These drive a story line that personalizes the history in a manner that makes it understandable, realistic, and quite accessible.
Middle grade readers who normally eschew fact-laden historical fiction will find the emotional driving force particularly strong in By the Light of the Fireflies. This approach strengthens the compelling story of a young girl's trials, which forces her into the unexpected role of becoming a female war hero in times where girls and women normally are staid.
A concluding note from the author reinforces the real historical events that receive such evocative, personalized attention in the plot.
--Midwest Book Review
Reviewed June 2021
"Walsh’s easy, flowing prose breathes life into colonial America.... Middle-grade historical fiction fans will be swept up in the bravery of one young woman’s fight to save her country against a British attack." - Publishers Weekly, Editor's Pick
Walsh (I Am Defiance) again brings a powerful woman from history to life with this middle-grade adventure featuring 16-year-old Revolutionary War hero Sybil Ludington. Based on true events, By the Light of Fireflies takes on George Washington’s inner spy ring in the heat of the battle between Patriots and Loyalists, spotlighting the role that young Sybil played during an all night, 40-mile ride through colonists’ territory to muster the militia against an impending British attack. In Walsh’s spirited depiction, Sybil is a courageous, quick-thinking Patriot who dreams of growing up to be something more than a farmer’s wife–and realizes that ambition is within her reach through the fight to advance the revolutionary cause.
Sybil’s father, Henry Ludington, is a Loyalist captain in name only and spends his free time helping Patriots spy on the British. When pressures mount, he enlists Sybil and her sister, Rebecca, to help decipher code written with invisible ink on letters bearing crucial information about the British army, its troops, and their planned maneuvers. This opportunity is a dream come true for Sybil, who idolizes Paul Revere and hopes for her own chance to prove her mettle–a chance that emerges when she gets asked to ride all night in a terrifying crusade to save her family and her country. “I didn’t realize it was weird for me to want to be brave or daring or courageous like a man was,” she memorably declares.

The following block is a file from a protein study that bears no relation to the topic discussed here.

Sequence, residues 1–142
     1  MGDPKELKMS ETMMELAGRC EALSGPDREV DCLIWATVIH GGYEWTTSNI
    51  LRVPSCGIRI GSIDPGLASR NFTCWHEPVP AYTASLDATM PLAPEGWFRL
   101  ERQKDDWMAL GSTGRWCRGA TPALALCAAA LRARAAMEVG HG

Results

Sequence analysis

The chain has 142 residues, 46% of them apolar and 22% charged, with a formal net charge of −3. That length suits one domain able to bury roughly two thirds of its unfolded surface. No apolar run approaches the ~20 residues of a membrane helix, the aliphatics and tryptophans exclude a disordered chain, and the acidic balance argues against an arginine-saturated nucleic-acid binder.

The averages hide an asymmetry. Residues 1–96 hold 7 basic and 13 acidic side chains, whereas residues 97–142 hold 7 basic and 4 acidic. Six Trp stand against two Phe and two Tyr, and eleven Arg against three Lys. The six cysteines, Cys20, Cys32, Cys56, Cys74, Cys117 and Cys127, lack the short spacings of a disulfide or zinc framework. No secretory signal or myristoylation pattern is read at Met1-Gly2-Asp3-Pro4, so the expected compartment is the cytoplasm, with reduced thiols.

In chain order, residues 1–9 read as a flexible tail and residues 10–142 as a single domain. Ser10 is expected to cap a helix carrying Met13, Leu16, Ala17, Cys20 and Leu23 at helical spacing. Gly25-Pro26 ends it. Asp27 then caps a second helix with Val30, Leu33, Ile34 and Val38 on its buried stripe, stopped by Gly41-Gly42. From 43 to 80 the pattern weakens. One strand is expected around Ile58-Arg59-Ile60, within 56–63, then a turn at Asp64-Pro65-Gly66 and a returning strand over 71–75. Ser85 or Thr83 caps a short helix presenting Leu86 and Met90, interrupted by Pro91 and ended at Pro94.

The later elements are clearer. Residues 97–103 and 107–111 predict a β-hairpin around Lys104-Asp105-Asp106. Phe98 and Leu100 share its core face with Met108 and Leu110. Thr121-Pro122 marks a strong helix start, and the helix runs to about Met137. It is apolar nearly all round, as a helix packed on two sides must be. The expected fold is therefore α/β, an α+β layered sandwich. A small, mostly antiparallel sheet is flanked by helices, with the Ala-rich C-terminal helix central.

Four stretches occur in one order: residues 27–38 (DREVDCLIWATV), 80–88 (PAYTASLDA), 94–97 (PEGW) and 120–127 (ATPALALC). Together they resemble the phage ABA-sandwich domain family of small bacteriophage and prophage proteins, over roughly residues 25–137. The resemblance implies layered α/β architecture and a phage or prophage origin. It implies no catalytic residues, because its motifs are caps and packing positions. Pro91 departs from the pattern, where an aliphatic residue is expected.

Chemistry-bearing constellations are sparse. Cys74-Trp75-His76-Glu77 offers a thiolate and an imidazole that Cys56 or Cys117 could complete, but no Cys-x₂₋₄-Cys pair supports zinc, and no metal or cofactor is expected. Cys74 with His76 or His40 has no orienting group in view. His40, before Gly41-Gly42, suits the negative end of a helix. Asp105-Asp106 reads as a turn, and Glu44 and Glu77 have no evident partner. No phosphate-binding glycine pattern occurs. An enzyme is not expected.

Walsh’s easy, flowing prose breathes life into colonial America. Readers will find themselves in the thick of the Revolutionary War as well as eighteenth-century living: Walsh uses period appropriate language (“Mama shook her head bigly”) and detail, such as a family strategy game of “Nine Man’s Morrice in the parlor,” to capture the feeling of the past, and her handling of the long ride is crisp and suspenseful. History-minded young readers will be roused by this stouthearted protagonist’s unflinching dedication.
Takeaway: Middle-grade historical fiction fans will be swept up in the bravery of one young woman’s fight to save her country against a British attack.
Great for fans of: Celeste Lim’s The Crystal Ribbon, Pam Munoz Ryan’s Riding Freedom, Augusta Scattergood’s Glory Be.
Design and typography: A
Marketing copy: A
Print Date: 05/31/2021
Author of I AM DEFIANCE Jenni L. Walsh’s BY THE LIGHT OF FIREFLIES, based on the true story of a hidden Revolutionary War hero, Sybil Ludington, dubbed the “female Paul Revere,” and following a teen girl who braves a perilous midnight ride to warn the troops, with the believed magic of the fireflies to light her way, to Nancy Cleary at Wyatt-MacKenzie, for publication in early November 2021, by Shannon Hassan at Marsal Lyon Literary Agency (world English).